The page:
Have you ever heard of carbon monoxide poisoning? Yes, you have. Have you taken it seriously? Ummmm ….,
Carbon monoxide is a silent killer and virtually unnoticeable by humans. These detectors measure the levels of carbon monoxide over time and ring an alarm before dangerous levels can accumulate in your environment.
Even though carbon monoxide detectors don’t function like smoke detectors and vice versa, combined ones are also available in the market. Some sources of carbon monoxide in your home can be a blocked chimney, water heater, open flames, etc.
Today, several types of carbon monoxide detectors function to keep environments safe. Here’s a look at some of them.
The digital carbon monoxide detectors are an advanced version that displays the current and the peak reading. These models can read the levels below the threshold of the alarm and assess the degree of the hazard.
They are like the basic models but cost more.
Portable carbon monoxide detectors are useful for professional applications such as diagnosis or maintenance. They are more expensive than home safety detectors.
They come in two types. One is used in aircraft, trucks, or cars, and the other type is useful for first responders such as firemen.
There are four types of carbon monoxide detecting sensors:
The electrochemical sensor is one of the high-quality carbon monoxide sensors. It generates currents that display the level of carbon monoxide through a scientific system.
These devices function well in most home temperatures and exhibit a long service life.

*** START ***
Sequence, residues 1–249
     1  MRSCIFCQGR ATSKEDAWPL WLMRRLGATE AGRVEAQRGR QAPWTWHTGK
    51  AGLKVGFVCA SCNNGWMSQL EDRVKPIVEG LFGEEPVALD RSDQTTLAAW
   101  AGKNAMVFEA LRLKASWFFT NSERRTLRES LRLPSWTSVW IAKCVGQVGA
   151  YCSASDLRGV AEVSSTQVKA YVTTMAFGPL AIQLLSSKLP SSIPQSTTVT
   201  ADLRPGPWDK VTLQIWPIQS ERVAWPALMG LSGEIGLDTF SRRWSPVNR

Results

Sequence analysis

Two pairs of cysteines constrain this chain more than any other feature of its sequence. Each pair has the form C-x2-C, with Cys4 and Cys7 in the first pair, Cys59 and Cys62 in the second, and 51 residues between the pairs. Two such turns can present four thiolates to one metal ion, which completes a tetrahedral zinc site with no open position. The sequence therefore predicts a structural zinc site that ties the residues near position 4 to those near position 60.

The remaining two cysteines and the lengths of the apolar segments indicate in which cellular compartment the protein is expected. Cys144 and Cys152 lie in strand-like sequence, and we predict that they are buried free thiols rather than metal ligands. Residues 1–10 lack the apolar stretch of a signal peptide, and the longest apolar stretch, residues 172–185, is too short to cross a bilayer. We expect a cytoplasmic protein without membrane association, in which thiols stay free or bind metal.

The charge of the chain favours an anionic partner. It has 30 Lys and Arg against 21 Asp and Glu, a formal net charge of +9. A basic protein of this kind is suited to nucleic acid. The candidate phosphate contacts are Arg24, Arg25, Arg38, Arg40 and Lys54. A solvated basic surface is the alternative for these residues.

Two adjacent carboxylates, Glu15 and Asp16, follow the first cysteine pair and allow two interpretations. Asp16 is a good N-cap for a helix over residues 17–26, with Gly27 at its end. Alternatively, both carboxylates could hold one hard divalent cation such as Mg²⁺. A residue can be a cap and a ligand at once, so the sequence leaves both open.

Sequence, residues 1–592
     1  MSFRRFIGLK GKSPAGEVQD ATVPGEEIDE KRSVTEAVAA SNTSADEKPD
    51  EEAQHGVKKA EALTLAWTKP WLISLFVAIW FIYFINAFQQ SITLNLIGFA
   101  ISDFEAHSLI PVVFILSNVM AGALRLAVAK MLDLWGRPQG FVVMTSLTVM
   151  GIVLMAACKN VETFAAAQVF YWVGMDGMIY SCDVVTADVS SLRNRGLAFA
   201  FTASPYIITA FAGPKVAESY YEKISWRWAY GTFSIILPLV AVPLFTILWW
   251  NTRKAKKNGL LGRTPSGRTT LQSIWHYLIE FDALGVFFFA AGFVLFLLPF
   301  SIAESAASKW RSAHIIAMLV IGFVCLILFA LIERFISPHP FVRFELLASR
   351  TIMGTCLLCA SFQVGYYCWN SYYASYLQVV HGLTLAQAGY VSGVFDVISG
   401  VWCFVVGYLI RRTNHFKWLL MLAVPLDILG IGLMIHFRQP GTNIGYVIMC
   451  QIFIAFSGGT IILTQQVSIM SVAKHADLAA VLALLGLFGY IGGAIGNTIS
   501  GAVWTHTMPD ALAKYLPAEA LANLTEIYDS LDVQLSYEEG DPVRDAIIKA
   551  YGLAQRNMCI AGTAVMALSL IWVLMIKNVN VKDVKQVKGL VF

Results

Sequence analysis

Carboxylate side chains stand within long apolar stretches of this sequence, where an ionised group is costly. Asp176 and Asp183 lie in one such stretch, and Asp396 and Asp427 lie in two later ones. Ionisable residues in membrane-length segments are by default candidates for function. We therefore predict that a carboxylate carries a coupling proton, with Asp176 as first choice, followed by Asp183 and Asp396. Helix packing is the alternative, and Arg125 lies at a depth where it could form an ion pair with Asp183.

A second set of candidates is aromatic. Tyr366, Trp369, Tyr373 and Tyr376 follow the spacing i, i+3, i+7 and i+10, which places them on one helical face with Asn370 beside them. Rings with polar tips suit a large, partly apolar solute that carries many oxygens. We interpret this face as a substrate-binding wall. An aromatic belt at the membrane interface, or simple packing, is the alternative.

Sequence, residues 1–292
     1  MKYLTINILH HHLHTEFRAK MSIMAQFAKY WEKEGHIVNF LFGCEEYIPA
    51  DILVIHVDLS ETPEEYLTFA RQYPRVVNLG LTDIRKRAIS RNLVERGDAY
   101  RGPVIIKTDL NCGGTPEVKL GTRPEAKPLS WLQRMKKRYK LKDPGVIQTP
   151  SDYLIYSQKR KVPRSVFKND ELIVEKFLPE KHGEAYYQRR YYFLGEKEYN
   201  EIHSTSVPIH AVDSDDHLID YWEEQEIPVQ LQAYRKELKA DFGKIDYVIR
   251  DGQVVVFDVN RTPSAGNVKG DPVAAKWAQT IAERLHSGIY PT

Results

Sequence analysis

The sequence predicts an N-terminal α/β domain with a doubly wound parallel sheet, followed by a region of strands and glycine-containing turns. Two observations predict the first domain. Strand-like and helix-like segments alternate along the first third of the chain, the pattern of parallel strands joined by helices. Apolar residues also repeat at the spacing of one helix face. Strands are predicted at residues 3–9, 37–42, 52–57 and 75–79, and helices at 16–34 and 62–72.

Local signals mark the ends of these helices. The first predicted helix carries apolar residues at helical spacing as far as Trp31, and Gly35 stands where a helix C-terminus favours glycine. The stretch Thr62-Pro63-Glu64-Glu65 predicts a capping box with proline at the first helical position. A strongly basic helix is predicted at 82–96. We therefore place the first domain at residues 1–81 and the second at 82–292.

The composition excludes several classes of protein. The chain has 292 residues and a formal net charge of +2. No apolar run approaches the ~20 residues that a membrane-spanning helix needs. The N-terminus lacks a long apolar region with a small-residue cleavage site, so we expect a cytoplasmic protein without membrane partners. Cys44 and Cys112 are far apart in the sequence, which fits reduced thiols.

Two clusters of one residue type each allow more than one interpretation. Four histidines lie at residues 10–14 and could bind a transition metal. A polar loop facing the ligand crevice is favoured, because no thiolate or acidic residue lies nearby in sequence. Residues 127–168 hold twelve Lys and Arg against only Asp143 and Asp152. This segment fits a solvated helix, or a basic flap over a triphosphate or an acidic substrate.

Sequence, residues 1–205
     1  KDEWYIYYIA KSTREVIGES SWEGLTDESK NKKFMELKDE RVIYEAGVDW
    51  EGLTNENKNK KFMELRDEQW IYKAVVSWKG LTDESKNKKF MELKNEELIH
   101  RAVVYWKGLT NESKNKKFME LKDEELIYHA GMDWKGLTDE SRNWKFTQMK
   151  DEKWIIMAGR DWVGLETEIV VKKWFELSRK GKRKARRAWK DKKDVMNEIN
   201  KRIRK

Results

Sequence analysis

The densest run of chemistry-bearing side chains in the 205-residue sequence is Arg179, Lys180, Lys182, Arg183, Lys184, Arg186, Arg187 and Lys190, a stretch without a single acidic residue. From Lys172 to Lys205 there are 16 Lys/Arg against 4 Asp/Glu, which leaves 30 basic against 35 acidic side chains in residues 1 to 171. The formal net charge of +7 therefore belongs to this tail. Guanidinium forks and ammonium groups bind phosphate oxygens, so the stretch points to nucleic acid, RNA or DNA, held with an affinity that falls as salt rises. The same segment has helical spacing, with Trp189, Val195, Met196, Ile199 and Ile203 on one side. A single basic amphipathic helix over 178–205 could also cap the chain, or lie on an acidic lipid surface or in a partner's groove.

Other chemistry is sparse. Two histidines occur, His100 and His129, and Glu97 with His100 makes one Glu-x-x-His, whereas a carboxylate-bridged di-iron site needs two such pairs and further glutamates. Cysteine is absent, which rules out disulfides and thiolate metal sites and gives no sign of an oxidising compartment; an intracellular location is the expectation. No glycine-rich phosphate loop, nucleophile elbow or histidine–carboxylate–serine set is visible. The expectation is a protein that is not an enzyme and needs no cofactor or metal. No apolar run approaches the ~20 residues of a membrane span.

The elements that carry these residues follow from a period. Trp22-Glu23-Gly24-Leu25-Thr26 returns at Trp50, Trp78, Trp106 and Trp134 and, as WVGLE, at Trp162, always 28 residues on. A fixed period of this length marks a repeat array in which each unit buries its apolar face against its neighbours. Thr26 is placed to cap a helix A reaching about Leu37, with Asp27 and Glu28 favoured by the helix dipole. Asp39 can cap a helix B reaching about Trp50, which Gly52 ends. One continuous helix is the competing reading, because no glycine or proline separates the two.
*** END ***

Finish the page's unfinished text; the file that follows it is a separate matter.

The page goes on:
The biomimetic sensor utilizes a combination of gel-like liquids to detect the presence of carbon monoxide. The detectors that use this sensor have a lifespan of up to three years.
It’s the most cost-effective sensor which uses a pad that changes its color when it detects the presence of carbon monoxide. These sensors can only detect if carbon monoxide is present but not the levels.
A metal-oxide-semiconductor is a result of utilizing wired circuits to keep a check on carbon monoxide. The detectors that use this sensor usually have a service life of up to ten years.
You could choose any type of carbon monoxide detector out there, but some research could go a long way in saving your life. It’s a must to understand the type of detector that will work best for your home.
Here are some things to consider before you swipe your card.
A carbon monoxide detector with a digital display makes it more convenient to measure the levels of the poisonous gas. An alarm will alert you if carbon monoxide levels surpass their limit.
Several choices are available. The most efficient option is what works best for you.
A battery-operated carbon monoxide detector exhibits reserve battery during a power outage while a hard-wired detector provides constant energy without the need of replacing the battery.
However, if you’re looking for the most convenient installation, the plug-in detectors could be a decent choice.
A critical point to selecting a carbon monoxide detector is the usage. Even if an area of your home goes unoccupied, a detector must be in place as a safety measure.
You don’t want to wake up one day and find your house amid carbon monoxide. Installing carbon monoxide detectors in the designed spaces in your home will go a long way in keeping the air you breathe in safer.
Before choosing a carbon monoxide detector, you must ensure that it is certified for home use by the governing body.
The primary logic of installing carbon monoxide detectors is that they should be in high traffic areas. One detector should be installed on every level of your home including the basement and the attic.
A decent placement for carbon monoxide detectors is at knee level, which is often the height of a sleeper’s mouth and nose. If your house has children and pets as well, then place the detectors as high as required to keep them out of their reach.
A device that is so critical for home safety must exhibit benefits. Look at some of the crucial selling points of carbon monoxide detectors that will cement as to why they must be installed in every home.